By the mid-1990s, Joe Kapp had already done a little bit of everything in football. He had completed a Hall of Fame playing career as a Canadian Football League quarterback, finished a four-year stint in the NFL that resulted in a league title and Pro Bowl selection, and coached five years at the University of California as well as one season of arena football.
So when he decided he was going to invent a brand new football league, it seemed like a natural progression for one of the game’s larger-than-life figures.
On January 16, 1996, Kapp announced that he and former Dallas Cowboys quarterback Craig Morton were forming “All Star Football,” a 16-team league that would start play in September, 1997. Unlike the United States Football League and World League of American Football, the new venture would play during the traditional gridiron season.
“How can you succeed playing football in the summer?” Kapp said in an interview with Associated Press. “We’re a moving pocket. We’ll adjust. If (NFL teams) play in the afternoon, we might play at night. If it’s affordable, it will succeed. We don’t have to beat them. We’ve got a plan that works.”
The league targeted both major and secondary markets, with the idea of using stadiums that were sitting idle during the fall.
“The stadiums are there,” Kapp said. “Shea Stadium in New York, Tiger Stadium in Detroit, the Orange Bowl in Miami, the Citrus Bowl in Orlando.”
Set to join Detroit, Miami, New York and Orlando as flagship franchises were Chicago, Cleveland, Columbus, El Paso, Hartford, Houston, Los Angeles, Memphis, Mexico City, Milwaukee, Philadelphia and San Jose.
“Too many cities have been left out for too long,” Kapp told AP. “Who says Columbus can’t have a team? Milwaukee’s been shut out by Green Bay. Oakland sold out 268 straight games and then left, and then came back. They left L.A. without a team. The Jets and Giants are in New Jersey. New York doesn’t have a team.”
The business plan of All Star Football was a single entity model with players and league employees owning equity in the company. According to USA Today, Kapp’s company, Team Dynamics, would own 33 percent of the league, followed by investors (20 percent), players (19 percent), TV distributors (15 percent) and league employees (13 percent). If there were any profits, 14 percent would go to active players annually, with five percent allotted to retired players. Owners of the 16 teams pledged $15 million each for three years to ensure the launch and stability of the league.
There would be a balanced budget mandate and instead of selling TV rights to an established network, BKS/Bates Entertainment (a TV syndication company and equity partner in All-Star Football) would offer a weekly schedule of games throughout the country.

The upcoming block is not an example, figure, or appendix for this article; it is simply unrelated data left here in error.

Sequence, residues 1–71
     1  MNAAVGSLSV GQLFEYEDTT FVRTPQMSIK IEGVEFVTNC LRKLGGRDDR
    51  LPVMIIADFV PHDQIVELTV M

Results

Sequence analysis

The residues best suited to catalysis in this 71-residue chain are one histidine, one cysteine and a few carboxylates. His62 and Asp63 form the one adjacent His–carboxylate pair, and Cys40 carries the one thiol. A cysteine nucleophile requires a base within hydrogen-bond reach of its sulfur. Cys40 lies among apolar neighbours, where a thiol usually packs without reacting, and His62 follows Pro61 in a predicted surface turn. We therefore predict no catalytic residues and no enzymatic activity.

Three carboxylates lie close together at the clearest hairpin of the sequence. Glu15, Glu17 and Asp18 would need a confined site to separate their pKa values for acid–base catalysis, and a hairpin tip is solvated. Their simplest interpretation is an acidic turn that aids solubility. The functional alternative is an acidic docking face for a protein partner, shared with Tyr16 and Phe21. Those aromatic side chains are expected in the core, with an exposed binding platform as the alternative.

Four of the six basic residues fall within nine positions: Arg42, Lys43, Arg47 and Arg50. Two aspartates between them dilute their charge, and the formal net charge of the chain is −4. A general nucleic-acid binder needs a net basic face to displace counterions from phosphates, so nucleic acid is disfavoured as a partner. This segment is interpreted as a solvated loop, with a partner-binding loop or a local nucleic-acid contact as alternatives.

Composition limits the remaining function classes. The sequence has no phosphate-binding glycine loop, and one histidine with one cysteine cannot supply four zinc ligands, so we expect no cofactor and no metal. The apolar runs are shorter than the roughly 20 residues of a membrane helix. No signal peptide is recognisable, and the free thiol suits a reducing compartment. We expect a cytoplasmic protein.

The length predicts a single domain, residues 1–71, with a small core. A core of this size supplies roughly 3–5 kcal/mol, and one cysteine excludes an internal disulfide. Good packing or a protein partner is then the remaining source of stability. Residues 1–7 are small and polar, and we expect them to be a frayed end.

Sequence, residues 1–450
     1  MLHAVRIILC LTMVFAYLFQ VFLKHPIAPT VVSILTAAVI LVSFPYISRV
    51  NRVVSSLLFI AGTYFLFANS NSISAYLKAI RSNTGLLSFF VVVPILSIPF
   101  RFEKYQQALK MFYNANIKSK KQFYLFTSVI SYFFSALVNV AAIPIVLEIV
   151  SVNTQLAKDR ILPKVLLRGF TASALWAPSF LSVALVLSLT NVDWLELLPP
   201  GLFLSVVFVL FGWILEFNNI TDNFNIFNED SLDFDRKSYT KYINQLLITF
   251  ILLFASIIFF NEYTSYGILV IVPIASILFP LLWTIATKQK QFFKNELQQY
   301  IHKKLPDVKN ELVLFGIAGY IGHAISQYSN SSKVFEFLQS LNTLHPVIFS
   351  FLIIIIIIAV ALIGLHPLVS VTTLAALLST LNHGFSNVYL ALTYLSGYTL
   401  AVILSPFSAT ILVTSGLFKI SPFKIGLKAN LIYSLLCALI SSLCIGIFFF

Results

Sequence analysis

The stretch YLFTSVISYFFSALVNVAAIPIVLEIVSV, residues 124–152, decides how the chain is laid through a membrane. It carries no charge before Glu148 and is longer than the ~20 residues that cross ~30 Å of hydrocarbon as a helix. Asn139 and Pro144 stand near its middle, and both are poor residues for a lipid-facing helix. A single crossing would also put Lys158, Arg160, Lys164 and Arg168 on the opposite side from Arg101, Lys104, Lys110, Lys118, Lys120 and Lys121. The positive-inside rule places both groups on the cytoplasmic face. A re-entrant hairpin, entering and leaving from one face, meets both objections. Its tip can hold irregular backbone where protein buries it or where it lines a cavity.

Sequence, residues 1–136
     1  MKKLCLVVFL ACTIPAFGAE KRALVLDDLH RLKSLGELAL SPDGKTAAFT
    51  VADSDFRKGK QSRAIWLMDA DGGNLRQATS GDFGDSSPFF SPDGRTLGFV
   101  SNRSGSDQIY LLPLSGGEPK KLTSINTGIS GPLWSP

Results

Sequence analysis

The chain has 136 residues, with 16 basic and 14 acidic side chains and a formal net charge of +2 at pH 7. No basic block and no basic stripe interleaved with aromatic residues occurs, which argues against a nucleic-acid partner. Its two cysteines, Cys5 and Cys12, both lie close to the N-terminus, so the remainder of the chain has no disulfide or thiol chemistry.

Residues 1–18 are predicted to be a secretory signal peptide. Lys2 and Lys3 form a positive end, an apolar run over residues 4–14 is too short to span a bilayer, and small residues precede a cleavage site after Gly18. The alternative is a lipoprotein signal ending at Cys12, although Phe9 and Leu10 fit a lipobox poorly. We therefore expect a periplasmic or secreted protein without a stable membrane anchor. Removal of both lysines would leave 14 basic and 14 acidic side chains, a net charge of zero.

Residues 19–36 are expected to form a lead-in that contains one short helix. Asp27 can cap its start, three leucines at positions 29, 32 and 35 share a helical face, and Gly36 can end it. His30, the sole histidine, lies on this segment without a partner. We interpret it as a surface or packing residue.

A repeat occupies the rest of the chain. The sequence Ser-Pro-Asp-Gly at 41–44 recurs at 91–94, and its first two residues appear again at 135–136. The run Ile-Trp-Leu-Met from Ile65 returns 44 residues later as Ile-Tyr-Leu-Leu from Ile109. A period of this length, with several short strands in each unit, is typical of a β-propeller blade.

As for players, the league would simply recruit; no draft was planned.
“We’ll get our players from the same place (the NFL) gets their players,” Kapp said. “So many players never get a chance. I was fifth in the Heisman balloting and nobody called, so I went to Canada. I coached at California from 1982-1986. We had three quarterbacks who could play pro football. One of them, Gale Gilbert, still is in the league. The other two never got on the field.”
The All Star Football plan came on the heels of the short-lived idea for the “A League,” which was to be funded by corporate sponsors, and the end of the CFL experiment with United States-based franchises.
“A lot of planning has been done,” Kapp said. “We spent a long time consulting with experts and specialists. We visited cities all over the country (in 1995) and found a welcome audience. The stadiums are there. The components are in place. There’s no reason to wait.”
But the wait continued until there was nothing left to wait for.
By November of 1996 the plan had been downsized to eight cities the first season. The minimum player salary was to be $50,000 per season with a maximum of $400,000 in a $4 million salary cap.
All Star Football went dark for more than a year until Kapp was touting it again in February, 1998. This time the league was seeking a partnership with Turner Sports and NBC and it was announced that rule innovations would include 4-point field goals from beyond the 40-yard line.
In the summer of 1998 – when Turner and NBC announced they were exploring the possibility of forming their own league – Kapp was no longer promoting his organization but instead hoping the networks could pull off the feat.
“I applaud their vision and courage,” Kapp told the New York Times. “It’s an open book, and they can write and do football in a better way. These two strong entities can carry a financial load for a long time.”
Looking back, it appears All Star Football was never really close to getting off the ground. Other than an article here or there reminding you that Kapp wanted to start a league, there was no information that led you to believe investors were ready and willing to step in and pay up.
Like many alternative football ideas, it was an interesting one. Being interesting – and being interesting enough to get millions of dollars in backing – are sometimes two very different things, however.
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